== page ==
|A pair and their nest at Bayswater, Auckland City, New Zealand|
|Range of S. striata Resident Non-breeding|
The white-fronted tern (Sterna striata) is a species of tern from New Zealand and Australia. It is the most common tern of New Zealand. It rarely swims, apart from bathing, despite having webbed feet. The species is protected.
White-fronted terns feed in large flocks by plunge diving on shoals of smelt and pilchards which have been driven to the surface by larger fish and are easily caught. Like all terns they fly with their heads and bills pointing down to see their prey.
Breeding is between October and January in large colonies on rocky cliffs and offshore islands. The species was long known to breed on islands in Bass Strait, north of Tasmania, but the colonies there were not discovered until 1979. Many of the birds winter in south-eastern Australia, especially juveniles.
The white-fronted tern was described by Johann Friedrich Gmelin in 1789 as Sterna striata. The species is closely related to the Common tern (Sterna hirundo), Roseate tern (Sterna dougallii), Black-naped tern (Sterna sumatrana), South American tern (Sterna hirundinacea), Antarctic tern (Sterna vittata) and Arctic tern (Sterna paradisaea).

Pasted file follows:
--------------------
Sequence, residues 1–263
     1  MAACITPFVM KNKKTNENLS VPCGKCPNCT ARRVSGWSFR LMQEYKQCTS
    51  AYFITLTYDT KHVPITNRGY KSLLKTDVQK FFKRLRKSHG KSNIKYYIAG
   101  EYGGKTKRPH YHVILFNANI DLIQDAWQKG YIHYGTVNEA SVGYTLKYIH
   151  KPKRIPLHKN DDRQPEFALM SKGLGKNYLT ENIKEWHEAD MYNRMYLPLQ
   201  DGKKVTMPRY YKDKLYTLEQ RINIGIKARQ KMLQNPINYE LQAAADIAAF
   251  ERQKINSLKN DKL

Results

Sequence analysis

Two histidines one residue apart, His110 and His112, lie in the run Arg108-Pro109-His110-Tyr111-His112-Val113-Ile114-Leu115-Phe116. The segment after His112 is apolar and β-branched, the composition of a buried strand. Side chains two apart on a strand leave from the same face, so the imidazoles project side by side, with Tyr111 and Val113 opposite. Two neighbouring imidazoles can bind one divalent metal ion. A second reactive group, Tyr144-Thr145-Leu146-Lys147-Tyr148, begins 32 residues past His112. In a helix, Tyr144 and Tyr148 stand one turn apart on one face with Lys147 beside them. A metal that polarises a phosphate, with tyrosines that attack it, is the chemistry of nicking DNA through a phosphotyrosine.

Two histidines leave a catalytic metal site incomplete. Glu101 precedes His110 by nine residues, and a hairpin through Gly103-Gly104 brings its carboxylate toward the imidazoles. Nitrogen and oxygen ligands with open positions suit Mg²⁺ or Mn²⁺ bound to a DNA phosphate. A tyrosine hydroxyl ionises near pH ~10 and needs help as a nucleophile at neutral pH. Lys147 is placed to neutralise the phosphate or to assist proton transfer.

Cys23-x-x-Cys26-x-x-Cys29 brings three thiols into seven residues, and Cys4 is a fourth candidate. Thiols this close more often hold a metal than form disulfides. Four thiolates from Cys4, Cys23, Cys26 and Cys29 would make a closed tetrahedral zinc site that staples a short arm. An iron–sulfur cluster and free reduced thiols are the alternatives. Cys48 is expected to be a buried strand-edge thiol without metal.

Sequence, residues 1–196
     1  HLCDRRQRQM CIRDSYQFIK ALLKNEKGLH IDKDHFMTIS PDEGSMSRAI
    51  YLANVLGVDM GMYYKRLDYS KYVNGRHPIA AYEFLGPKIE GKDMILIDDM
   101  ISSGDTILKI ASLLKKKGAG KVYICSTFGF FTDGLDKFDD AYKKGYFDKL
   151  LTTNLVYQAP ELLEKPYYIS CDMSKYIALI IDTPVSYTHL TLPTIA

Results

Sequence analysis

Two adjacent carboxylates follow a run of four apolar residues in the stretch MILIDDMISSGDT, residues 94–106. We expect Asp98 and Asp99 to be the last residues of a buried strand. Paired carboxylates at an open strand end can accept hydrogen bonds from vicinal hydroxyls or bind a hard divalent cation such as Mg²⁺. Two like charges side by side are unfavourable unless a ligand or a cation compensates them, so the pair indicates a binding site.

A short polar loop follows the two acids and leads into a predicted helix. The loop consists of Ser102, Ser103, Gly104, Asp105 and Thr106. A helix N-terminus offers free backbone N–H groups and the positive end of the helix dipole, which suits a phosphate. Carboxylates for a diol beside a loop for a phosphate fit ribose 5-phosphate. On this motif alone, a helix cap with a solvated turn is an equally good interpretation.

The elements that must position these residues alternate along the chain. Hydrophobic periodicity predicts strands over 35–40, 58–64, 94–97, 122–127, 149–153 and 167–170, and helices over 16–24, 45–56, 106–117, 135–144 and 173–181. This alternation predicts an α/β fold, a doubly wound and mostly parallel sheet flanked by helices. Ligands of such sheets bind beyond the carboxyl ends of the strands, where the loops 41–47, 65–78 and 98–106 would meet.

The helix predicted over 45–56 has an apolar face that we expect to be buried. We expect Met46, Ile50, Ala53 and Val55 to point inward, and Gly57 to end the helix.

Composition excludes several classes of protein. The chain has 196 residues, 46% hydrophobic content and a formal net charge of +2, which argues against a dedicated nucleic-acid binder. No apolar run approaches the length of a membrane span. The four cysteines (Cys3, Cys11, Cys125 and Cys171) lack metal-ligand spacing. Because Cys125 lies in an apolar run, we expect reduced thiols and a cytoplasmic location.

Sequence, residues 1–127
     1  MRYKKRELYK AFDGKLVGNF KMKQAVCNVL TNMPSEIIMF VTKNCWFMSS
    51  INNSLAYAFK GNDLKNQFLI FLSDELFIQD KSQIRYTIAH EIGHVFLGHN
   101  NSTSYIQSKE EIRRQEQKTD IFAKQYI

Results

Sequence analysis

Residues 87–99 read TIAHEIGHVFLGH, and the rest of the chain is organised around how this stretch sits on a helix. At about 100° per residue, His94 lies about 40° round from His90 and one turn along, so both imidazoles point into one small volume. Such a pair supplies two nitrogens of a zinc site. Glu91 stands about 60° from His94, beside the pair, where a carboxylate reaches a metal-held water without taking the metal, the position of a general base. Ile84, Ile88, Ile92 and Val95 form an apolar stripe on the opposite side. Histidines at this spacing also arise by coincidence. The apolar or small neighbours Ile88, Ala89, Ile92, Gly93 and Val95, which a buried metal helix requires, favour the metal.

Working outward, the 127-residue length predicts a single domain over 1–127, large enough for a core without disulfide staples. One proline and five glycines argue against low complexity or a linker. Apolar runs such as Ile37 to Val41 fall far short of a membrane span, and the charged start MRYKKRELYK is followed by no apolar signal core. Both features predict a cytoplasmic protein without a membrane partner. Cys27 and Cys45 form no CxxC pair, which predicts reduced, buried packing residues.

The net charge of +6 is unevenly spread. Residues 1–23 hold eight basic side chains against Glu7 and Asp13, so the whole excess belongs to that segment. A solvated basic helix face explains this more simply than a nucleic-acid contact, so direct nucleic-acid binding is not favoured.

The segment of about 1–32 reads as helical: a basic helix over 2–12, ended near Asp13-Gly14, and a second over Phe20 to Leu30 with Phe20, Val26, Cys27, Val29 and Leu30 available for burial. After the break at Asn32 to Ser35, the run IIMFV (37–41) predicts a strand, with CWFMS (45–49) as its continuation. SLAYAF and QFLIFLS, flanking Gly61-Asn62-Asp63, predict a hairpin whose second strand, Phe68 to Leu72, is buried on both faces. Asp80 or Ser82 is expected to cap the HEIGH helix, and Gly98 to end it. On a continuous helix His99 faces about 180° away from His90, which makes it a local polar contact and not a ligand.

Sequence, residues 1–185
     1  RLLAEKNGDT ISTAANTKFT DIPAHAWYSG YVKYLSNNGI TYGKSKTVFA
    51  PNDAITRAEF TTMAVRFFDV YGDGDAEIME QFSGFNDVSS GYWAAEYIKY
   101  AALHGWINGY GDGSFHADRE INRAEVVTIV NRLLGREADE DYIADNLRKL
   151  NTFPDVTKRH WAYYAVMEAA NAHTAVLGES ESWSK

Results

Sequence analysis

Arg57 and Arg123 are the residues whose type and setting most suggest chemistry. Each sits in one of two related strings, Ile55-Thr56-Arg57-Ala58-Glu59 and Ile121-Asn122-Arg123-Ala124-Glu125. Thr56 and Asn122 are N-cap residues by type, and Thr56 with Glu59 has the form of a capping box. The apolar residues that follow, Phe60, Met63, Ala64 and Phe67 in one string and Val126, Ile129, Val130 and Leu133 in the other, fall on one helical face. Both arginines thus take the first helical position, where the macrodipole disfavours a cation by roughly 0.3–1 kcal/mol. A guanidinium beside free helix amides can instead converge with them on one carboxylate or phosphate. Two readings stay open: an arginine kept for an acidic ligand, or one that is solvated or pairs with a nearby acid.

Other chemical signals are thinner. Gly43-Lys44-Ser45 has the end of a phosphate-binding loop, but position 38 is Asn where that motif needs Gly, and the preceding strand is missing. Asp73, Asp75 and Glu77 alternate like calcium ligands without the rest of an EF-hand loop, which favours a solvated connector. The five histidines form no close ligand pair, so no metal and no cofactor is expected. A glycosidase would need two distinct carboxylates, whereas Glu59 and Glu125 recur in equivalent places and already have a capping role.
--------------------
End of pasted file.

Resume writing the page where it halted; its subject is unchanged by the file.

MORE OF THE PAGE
- BirdLife International (2018). "Sterna striata". IUCN Red List of Threatened Species. Version 2018.2. International Union for Conservation of Nature. Retrieved 17 December 2018.
- Hutching, Gerard. "Gulls, terns and skuas – White-fronted, sooty, Antarctic and Arctic terns". Te Ara, The Encyclopedia of New Zealand. Manatū Taonga Ministry for Culture and Heritage. Retrieved 20 May 2012.
- Gochfeld, M; Burger, J; Garcia, E (2019). del Hoyo, Josep; Elliott, Andrew; Sargatal, Jordi; Christie, David A; de Juana, Eduardo (eds.). "White-fronted Tern (Sterna striata)". Handbook of the Birds of the World Alive. Barcelona: Lynx Edicions. Retrieved 2 March 2019.
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